Synchronous Lung Adenocarcinoma and Papillary Thyroid Carcinoma - The Metastases at the Centre of the Discussion
Joana Ferra, Cátia Guimarães, Cristina Matos, Fernando Nogueira
Pneumology Department, Hospital Egas Moniz, Centro Hospitalar Lisboa Ocidental E.P.E., Portugal
Doi: 10.12890/2021_002289 - European Journal of Case Reports in Internal Medicine - © EFIM 2020
Received: 12/01/2021
Accepted: 17/01/2021
Published: 05/02/2021

How to cite this article: Ferra J, Guimarães C, Matos C, Nogueira F. Synchronous lung adenocarcinoma and papillary thyroid carcinoma - the metastases at the centre of the discussion. EJCRIM 2021;8 doi:10.12890/2021_002289.

Conflicts of Interests: The authors declare there are no competing interests.
This article is licensed under a Commons Attribution Non-Commercial 4.0 License


Synchronous tumours are defined as two or more independent primary neoplasms of different origins diagnosed at the same time in 1 individual. Although rare, its incidence is increasing and the proper diagnosis and staging of each tumour is crucial in defining the patient prognosis and the best therapeutic choice. We present a case of a 56-year-old woman presenting with a lung adenocarcinoma and pulmonary metastases initially diagnosed as stage IV and who was started on a tyrosine kinase inhibitor (erlotinib). In the meantime, she was also diagnosed with papillary thyroid carcinoma and was submitted to complete thyroidectomy. After 6 cycles of erlotinib, thoracic CT showed a decrease in the dimensions of the primary pulmonary tumour, but an increase in the size and number of pulmonary metastases while blood tests showed elevated thyroglobulin. This therefore raised the possibility that the metastases could have originated from the thyroid carcinoma. Anatomo-pathological examination of the lung metastases confirmed this hypothesis. In conclusion, it is important to confirm the origin of metastases in synchronous tumours given this can lead to a re-staging of tumours and a different prognosis, along with other therapeutic options. A multidisciplinary team meeting is crucial to define management and therapeutic approaches for these patients.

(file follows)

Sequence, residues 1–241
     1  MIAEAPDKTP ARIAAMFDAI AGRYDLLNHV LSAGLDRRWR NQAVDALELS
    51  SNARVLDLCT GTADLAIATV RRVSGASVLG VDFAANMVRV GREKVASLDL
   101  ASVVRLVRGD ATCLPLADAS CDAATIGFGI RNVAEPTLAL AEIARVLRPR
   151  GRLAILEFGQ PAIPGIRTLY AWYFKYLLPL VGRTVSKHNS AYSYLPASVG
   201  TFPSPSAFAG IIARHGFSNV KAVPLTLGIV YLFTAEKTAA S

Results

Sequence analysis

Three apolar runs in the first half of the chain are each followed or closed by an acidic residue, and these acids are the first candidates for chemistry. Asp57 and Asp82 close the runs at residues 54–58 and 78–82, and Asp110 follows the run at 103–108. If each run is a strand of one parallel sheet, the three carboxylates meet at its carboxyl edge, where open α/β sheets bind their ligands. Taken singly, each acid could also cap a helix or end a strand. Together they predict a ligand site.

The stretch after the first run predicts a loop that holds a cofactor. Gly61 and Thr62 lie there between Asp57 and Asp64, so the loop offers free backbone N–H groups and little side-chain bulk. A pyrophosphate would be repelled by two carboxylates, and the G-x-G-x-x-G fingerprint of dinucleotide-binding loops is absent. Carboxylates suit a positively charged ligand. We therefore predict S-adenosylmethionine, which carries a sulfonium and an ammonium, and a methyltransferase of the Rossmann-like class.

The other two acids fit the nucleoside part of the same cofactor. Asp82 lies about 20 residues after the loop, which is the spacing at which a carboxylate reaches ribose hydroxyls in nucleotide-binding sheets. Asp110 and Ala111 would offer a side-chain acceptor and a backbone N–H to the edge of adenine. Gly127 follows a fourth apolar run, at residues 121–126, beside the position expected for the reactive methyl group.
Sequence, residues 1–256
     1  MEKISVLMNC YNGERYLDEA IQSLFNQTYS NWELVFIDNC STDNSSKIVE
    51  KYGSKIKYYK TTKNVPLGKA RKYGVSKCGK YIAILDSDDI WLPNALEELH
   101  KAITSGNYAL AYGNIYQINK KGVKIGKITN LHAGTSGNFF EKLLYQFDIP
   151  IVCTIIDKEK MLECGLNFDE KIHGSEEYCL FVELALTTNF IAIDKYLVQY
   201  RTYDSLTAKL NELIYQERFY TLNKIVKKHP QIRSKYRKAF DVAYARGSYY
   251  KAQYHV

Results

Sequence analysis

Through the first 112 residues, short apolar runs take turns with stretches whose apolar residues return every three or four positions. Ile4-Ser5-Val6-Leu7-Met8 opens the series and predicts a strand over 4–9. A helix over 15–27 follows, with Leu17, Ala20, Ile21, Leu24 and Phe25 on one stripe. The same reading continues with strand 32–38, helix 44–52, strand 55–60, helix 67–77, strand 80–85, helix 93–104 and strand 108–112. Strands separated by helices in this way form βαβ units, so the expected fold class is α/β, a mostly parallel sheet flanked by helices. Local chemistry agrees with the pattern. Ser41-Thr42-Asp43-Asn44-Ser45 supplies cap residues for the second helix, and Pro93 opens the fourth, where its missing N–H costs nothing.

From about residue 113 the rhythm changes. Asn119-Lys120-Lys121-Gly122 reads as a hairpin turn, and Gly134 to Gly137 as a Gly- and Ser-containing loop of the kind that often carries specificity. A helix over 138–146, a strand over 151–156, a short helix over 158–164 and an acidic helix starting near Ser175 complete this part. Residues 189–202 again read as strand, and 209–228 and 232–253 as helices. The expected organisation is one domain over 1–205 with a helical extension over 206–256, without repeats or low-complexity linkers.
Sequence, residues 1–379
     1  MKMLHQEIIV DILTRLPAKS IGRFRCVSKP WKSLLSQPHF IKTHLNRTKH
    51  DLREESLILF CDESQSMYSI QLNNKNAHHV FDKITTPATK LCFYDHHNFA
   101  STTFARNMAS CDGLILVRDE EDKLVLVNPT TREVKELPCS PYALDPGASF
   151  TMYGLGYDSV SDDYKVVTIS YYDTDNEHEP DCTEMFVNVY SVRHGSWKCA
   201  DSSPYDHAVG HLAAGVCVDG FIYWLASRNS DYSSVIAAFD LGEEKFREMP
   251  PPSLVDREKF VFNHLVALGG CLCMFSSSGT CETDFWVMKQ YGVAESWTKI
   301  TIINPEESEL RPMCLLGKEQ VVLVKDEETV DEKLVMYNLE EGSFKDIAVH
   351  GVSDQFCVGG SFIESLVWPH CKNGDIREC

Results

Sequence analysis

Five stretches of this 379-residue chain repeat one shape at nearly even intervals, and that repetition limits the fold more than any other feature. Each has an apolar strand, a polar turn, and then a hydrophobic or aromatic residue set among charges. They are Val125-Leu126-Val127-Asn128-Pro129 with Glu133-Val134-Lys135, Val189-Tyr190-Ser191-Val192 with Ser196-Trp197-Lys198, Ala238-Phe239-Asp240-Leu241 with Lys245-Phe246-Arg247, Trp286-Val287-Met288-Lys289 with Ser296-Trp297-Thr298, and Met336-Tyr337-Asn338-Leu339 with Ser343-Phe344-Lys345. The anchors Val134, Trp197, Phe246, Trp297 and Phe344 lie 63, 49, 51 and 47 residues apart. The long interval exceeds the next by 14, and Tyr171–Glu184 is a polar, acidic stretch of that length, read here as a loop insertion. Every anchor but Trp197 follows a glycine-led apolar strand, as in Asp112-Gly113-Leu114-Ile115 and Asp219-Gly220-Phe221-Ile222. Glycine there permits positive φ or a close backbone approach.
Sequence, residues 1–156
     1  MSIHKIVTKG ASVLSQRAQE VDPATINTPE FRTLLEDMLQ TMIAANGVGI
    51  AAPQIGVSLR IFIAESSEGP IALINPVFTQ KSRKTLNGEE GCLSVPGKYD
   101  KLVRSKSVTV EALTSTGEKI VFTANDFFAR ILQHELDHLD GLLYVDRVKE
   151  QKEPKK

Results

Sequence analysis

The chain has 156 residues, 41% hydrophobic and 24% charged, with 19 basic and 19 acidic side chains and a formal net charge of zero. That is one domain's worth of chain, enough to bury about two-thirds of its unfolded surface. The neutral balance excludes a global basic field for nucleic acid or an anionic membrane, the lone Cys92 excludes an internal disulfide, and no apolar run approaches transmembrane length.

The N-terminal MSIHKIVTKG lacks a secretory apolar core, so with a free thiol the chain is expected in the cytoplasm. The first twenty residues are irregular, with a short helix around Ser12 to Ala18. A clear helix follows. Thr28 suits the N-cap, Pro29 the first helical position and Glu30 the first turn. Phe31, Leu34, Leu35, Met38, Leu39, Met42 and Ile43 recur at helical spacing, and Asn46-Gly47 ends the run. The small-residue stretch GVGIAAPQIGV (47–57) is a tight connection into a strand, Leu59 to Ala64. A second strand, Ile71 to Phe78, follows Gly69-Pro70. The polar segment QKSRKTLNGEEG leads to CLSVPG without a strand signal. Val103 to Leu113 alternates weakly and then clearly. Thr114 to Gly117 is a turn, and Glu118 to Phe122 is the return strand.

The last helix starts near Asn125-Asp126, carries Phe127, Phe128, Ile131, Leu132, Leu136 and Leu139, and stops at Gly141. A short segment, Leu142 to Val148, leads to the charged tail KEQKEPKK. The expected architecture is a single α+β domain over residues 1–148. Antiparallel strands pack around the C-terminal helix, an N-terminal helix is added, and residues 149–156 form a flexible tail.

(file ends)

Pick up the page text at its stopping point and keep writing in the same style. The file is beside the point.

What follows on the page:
Synchronous tumours, lung metastases, papillary thyroid carcinoma, lung adenocarcinoma


A 56-year-old female patient, non-smoker, with no relevant medical history underwent a chest radiograph that revealed a nodular formation on the right lung field. Thoracic computed tomography (CT) showed a ground-glass nodule on the right lower lobe, measuring 3.4×2 centimetres and multiple micronodules on the middle lobe, lingula and left lower lobe. Positron emission tomography-CT (PET-CT) showed a hypermetabolic right lower nodule (SUV 5.5) and hypermetabolic lung micronodules compatible with pulmonary metastases. PET-CT also revealed a hypermetabolic thyroid mass and the patient was sent to the Endocrinology Department for further investigation. She underwent CT-guided transthoracic lung biopsy of the ground-glass nodule, which revealed a lepidic adenocarcinoma of the lung. The patient was therefore diagnosed with stage IV lung adenocarcinoma due to pulmonary metastases.
The tumour had no PD-L1 expression and molecular studies revealed a mutation in epidermal growth factor receptor (EGFR) in exon 21. The patient started tyrosine kinase inhibitor treatment with erlotinib. After 6 cycles of erlotinib, thoracic CT showed a decrease in the dimensions of the primary pulmonary tumour, but an increase in the size and number of pulmonary metastases (Fig. 1).
The patient chose another institution for investigation of the thyroid mass and was then diagnosed with papillary thyroid carcinoma. She underwent complete thyroidectomy and was considered treated. However, during follow-up elevated thyroglobulin was detected (2813– cut-off 77 ng/ml).